The emotional and fiery meeting saw a panel of health bosses, the local MP and others face a barrage of questions, and some strong accusations, over options laid out to deal with the problem which was originally set to see the department face a crisis from the beginning of June.
However, Dr Neil Hepburn, medical director at ULHT, told those attending that the recruitment of the new doctors would push the deadline back to the end of July.
Dr Hepburn last night also noted that nurses had been given additional training to work on Children’s Ward, and said it was now ‘reasonable to mix’ them into the staff but added they don’t have the same qualifications or training as specialist nurses.
ULHT CEO Jan Sobieraj apologised to the situation, he added: “We are working tirelessly to maintain safe services for children at pilgrim. We want to keep paediatrics and maternity at Pilgrim.”
ULHT has proposed five options for the service, including the temporary closure of the inpatient ward but has yet to make a decision.
Other options include:
l Maintaining services as they are
l Closing paediatric services and retaining consultant led obstetrics and neonatology temporarily until staffing can no longer support neonatology
l Maintain current services including neonatology but stop all planned paediatric operations at both Pilgrim and Lincoln County Hospitals
l Providers across the region to cover neonatal services for Pilgrim maternity and neonatology from July 1
Last night, campaigners for SoS Pilgrim Hospital, councillors for both Boston Borough and Lincolnshire County Council and members of the public called for clearer answers about the hospital’s long-term future.
The trust says it doesn’t want to close paediatric services in Boston and is actively recruiting doctors in a bid to keep it open.
The introduction of a new medical school in Lincoln and a partnership with Lincoln University were hailed as a ‘game-changer’, but bosses admitted they had issues short and medium-term.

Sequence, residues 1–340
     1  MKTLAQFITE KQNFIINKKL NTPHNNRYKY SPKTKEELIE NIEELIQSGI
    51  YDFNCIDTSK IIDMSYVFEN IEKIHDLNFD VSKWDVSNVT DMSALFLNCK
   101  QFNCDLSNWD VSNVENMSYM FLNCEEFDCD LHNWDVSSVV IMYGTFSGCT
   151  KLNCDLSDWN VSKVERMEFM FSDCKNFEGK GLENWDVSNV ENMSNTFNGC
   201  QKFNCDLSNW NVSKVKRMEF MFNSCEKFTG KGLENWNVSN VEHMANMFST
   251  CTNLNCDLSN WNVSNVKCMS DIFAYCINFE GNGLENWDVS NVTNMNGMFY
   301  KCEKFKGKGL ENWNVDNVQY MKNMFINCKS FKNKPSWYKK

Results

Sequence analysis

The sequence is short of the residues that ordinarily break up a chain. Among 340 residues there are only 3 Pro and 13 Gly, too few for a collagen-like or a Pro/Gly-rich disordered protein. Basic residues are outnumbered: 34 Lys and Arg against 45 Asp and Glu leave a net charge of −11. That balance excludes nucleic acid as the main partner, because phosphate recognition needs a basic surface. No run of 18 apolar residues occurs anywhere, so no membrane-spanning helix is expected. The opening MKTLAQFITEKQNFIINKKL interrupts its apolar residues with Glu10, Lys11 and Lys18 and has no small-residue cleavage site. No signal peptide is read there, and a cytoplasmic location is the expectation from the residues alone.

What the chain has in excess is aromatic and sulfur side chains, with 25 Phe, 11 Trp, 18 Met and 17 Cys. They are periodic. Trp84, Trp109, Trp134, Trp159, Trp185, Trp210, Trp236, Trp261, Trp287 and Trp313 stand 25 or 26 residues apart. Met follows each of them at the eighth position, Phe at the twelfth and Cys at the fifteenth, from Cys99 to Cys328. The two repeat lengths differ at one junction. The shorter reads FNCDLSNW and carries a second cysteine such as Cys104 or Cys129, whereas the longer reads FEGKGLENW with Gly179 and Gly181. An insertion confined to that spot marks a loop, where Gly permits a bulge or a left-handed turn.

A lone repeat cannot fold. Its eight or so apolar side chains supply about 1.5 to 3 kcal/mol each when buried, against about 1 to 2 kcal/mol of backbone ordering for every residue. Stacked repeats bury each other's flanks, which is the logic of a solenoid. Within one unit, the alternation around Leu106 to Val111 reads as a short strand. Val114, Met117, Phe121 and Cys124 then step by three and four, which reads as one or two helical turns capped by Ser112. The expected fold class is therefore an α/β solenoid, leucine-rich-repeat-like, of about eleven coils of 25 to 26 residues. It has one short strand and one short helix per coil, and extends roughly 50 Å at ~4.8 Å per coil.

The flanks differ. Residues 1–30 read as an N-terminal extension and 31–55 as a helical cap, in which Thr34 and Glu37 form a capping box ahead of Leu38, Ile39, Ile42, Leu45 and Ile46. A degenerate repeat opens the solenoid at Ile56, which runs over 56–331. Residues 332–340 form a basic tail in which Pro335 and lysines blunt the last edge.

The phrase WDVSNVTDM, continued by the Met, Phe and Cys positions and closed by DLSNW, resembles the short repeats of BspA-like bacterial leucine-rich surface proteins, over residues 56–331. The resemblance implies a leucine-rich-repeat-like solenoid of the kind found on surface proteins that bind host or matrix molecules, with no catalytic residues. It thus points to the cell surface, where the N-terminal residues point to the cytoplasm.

Boston and Skegness MP Matt Warman said he was helping with getting Visas through, and was raising the issue with the ‘highest authority’ he could, Prime Minister Theresa May and health secretary Jeremy Hunt.
Questions were also raised over the amount of time the crisis had been on the cards (up to 10 years), how the trust was working to recruit and retain staff and why staff would want to come to work for trust which has had ‘bad PR’ and doesn’t appear to have job security, among others.
An accusation was levelled that a decision had already been made however health bosses were quick to deny that.
ULHT bosses also stressed that they had been listening to staff.
Lincolnshire County Council leader Martin Hill summed up that key themes included need to retain & recruit sufficient permanent staff to the hospital and the issue of long travelling distances to alternatives in emergencies.
He stressed the need for the Lincs STP, which is reviewing healthcare services across the county, to be released to the public - a call backed by the local MP and others.
A spokesman for Lincs CCG said work had been ongoing on the STP following its initial release in 2016 when it was unanimously rejected by LCC. He stressed that it would go to public consultation.
For more from last night’s meeting see The Standard’s website, and reporter Daniel Jaines’ twitter account @standarddaniel